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Interesting problem about latitude!

  1. Apr 20, 2006 #1
    For a planet of radius a, find the area of the surface between the equator and latitude 60 degress north.

    This problem was posed to me way back in my calc II class. Instructor (somehow :wink: ) used series to solve it, then asked us if we could solve it differently. I only vaguely remember his solution, otherwise I'd post it as well. Anyone have any interesting ways to solve this? Thought it might be fun.
     
  2. jcsd
  3. Apr 20, 2006 #2
    You could try a surface integral with appropriate limits of integration.
     
  4. Apr 20, 2006 #3

    HallsofIvy

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    The equation of the sphere of radius r, x2+ y2+ z2= R2 can be thought of as a "level surface" of the function f(x,y,z)= x2+ y2+ z2. Its gradient, grad f= 2xi+ 2yj+ 2zk is perpendicular to that surface. "Normalizing" to integrate on the xy-axis by dividing through by z2, the differential of surface area is the length of the vector (x/z)i+ (y/z)j+ k:
    [tex]\sqrt{\frac{x^2}{z^2}+ \frac{y^2}{z^2}+ 1}dxdy= \frac{\sqrt{x^2+ y^2+ z^2}}{z}dxdy= \frac{Rdxdy}{z}[/tex].
    Of course,
    [tex]z= \sqrt{R^2- x^2- y^2}[/tex]
    so the integral for surface area, in polar coordinates would be
    [tex]R\int \frac{rdrd\theta}{\sqrt{R^2- r^2}}[/tex]
    The lower boundary is z= 0 which corresponds to the circle of radius R.
    The upper limit is at "60 degrees north" where z= Rsin(60)= [itex]\frac{R\sqrt{3}}{2}[/itex] and thus r2+ z2= r2+ 3R2/4= R2 which reduces to r= R/2. The limits of integration are [itex]0\le \theta \le 2\pi[/itex] and [itex]0\le r \le R/2[/itex]The equation of the sphere of radius r, x2+ y2+ z2= R2 can be thought of as a "level surface" of the function f(x,y,z)= x2+ y2+ z2. Its gradient, grad f= 2xi+ 2yj+ 2zk is perpendicular to that surface. "Normalizing" to integrate on the xy-axis by dividing through by z2, the differential of surface area is the length of the vector (x/z)i+ (y/z)j+ k:
    [tex]\sqrt{\frac{x^2}{z^2}+ \frac{y^2}{z^2}+ 1}dxdy= \frac{\sqrt{x^2+ y^2+ z^2}}{z}dxdy= \frac{Rdxdy}{z}[/tex].
    Of course,
    [tex]z= \sqrt{R^2- x^2- y^2}[/tex]
    so the integral for surface area, in polar coordinates would be
    [tex]R\int \frac{rdrd\theta}{\sqrt{R^2- r^2}}[/tex]
    The lower boundary is z= 0 which corresponds to the circle of radius R.
    The upper limit is at "60 degrees north" where z= Rsin(60)= [itex]\frac{R\sqrt{3}}{2}[/itex] and thus r2+ z2= r2+ 3R2/4= R2 which reduces to r= R/2. The limits of integration are [itex]0\le \theta \le 2\pi[/itex] and [itex]0\le r \le R/2[/itex]The equation of the sphere of radius r, x2+ y2+ z2= R2 can be thought of as a "level surface" of the function f(x,y,z)= x2+ y2+ z2. Its gradient, grad f= 2xi+ 2yj+ 2zk is perpendicular to that surface. "Normalizing" to integrate on the xy-axis by dividing through by z2, the differential of surface area is the length of the vector (x/z)i+ (y/z)j+ k:
    [tex]\sqrt{\frac{x^2}{z^2}+ \frac{y^2}{z^2}+ 1}dxdy= \frac{\sqrt{x^2+ y^2+ z^2}}{z}dxdy= \frac{Rdxdy}{z}[/tex].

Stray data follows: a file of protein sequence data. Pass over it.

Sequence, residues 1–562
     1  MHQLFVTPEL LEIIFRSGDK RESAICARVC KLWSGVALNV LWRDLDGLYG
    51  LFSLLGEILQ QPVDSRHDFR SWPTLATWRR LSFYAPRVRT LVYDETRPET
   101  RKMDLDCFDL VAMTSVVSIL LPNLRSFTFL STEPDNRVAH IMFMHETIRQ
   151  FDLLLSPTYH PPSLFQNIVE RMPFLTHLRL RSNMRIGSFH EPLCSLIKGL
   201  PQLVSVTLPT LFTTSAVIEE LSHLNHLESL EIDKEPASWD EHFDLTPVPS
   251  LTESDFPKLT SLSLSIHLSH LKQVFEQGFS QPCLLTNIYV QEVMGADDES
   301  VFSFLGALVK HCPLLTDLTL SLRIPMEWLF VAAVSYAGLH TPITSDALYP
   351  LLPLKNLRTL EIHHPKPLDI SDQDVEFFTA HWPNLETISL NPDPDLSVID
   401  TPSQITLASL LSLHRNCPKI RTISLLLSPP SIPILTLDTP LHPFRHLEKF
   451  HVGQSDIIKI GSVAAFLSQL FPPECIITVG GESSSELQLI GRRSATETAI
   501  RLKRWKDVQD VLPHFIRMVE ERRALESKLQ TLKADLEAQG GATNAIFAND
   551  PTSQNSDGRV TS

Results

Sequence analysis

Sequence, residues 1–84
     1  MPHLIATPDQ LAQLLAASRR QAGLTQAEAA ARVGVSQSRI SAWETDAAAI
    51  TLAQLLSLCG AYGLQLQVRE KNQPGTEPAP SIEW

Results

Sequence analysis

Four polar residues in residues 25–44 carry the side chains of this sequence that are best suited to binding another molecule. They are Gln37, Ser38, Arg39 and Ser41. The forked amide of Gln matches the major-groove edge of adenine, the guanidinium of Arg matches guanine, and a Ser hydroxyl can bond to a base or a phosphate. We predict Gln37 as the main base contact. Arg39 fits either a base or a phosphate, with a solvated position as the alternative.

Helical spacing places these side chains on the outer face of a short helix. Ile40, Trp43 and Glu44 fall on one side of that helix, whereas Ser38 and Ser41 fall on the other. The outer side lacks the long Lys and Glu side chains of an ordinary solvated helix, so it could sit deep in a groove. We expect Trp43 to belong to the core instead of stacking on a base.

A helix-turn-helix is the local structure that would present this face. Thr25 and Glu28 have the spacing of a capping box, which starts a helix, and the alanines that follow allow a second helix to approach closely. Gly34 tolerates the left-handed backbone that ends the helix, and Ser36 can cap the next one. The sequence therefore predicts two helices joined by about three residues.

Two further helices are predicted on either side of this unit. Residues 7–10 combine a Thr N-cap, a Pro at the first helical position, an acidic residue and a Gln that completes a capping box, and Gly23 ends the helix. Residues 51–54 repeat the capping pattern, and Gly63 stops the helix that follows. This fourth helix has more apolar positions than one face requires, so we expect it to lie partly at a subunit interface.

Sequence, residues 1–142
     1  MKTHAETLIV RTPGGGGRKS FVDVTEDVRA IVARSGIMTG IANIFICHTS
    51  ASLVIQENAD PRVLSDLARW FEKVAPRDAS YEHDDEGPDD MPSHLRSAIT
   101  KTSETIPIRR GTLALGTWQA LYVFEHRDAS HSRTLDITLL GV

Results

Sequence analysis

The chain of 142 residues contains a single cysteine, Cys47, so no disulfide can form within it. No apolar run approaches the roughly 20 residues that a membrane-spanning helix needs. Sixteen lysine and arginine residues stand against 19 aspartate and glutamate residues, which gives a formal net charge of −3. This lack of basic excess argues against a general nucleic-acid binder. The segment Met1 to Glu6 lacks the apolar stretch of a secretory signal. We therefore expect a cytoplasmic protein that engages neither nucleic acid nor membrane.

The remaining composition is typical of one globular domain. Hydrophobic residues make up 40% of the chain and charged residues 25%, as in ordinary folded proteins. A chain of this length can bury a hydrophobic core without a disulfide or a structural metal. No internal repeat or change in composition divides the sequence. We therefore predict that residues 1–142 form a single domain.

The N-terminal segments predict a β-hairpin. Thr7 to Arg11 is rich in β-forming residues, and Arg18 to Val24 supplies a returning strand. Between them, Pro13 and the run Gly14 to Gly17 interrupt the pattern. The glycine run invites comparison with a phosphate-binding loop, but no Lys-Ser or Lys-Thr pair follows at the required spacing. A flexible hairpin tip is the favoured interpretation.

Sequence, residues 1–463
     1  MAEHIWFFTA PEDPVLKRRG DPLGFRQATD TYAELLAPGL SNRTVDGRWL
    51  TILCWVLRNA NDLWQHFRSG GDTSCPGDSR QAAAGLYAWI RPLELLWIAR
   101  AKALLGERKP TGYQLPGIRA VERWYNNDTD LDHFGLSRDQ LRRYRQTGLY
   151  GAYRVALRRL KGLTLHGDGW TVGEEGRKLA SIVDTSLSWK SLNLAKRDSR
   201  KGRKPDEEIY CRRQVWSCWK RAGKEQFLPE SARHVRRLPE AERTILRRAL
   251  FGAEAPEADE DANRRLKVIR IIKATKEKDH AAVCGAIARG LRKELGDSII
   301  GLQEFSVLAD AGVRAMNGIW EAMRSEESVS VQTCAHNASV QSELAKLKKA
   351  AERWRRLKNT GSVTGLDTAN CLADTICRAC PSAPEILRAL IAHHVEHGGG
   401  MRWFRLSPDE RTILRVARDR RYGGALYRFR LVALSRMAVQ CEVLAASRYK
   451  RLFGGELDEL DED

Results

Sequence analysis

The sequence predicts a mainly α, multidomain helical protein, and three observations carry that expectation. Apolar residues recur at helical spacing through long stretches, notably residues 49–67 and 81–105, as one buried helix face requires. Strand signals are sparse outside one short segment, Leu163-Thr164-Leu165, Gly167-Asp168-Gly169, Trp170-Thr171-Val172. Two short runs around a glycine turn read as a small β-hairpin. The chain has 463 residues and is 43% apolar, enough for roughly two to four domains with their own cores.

Of course,
    [tex]z= \sqrt{R^2- x^2- y^2}[/tex]
    so the integral for surface area, in polar coordinates would be
    [tex]R\int \frac{rdrd\theta}{\sqrt{R^2- r^2}}[/tex]
    The lower boundary is z= 0 which corresponds to the circle of radius R.
    The upper limit is at "60 degrees north" where z= Rsin(60)= [itex]\frac{R\sqrt{3}}{2}[/itex] and thus r2+ z2= r2+ 3R2/4= R2 which reduces to r= R/2. The limits of integration are [itex]0\le \theta \le 2\pi[/itex] and [itex]0\le r \le R/2[/itex]The equation of the sphere of radius r, x2+ y2+ z2= R2 can be thought of as a "level surface" of the function f(x,y,z)= x2+ y2+ z2. Its gradient, grad f= 2xi+ 2yj+ 2zk is perpendicular to that surface. "Normalizing" to integrate on the xy-axis by dividing through by z2, the differential of surface area is the length of the vector (x/z)i+ (y/z)j+ k:
    [tex]\sqrt{\frac{x^2}{z^2}+ \frac{y^2}{z^2}+ 1}dxdy= \frac{\sqrt{x^2+ y^2+ z^2}}{z}dxdy= \frac{Rdxdy}{z}[/tex].
    Of course,
    [tex]z= \sqrt{R^2- x^2- y^2}[/tex]
    so the integral for surface area, in polar coordinates would be
    [tex]R\int \frac{rdrd\theta}{\sqrt{R^2- r^2}}[/tex]
    The lower boundary is z= 0 which corresponds to the circle of radius R.
    The upper limit is at "60 degrees north" where z= Rsin(60)= [itex]\frac{R\sqrt{3}}{2}[/itex] and thus r2+ z2= r2+ 3R2/4= R2 which reduces to r= R/2. The limits of integration are [itex]0\le \theta \le 2\pi[/itex] and [itex]0\le r \le R/2[/itex]
     
  5. Apr 21, 2006 #4
    Wow, that's pretty interesting, certainly. Just reviewing the concepts of surface integrals. Thanks for all the input, these problems never cease to amaze me.
     
  6. May 8, 2006 #5
    Another way to do this was discovered by Archimedes, but is easy to prove using basic differential geometry.

    Place the sphere inside a cylinder of radius a and height 2a so that the center of the sphere lies on the center axis of the cylinder. Define a map by projecting each point on the sphere radially onto the cylinder. Another way of saying this is that the image of a point x on the sphere is given by where the perpendicular to the axis which goes through x intersects the cylinder.

    This projection is "equal area," meaning that if you want to measure the area of a region on the sphere, you will get the same answer looking at the area of its projection.

    I'll leave the details to you. They aren't too difficult.

    -SBRH
     
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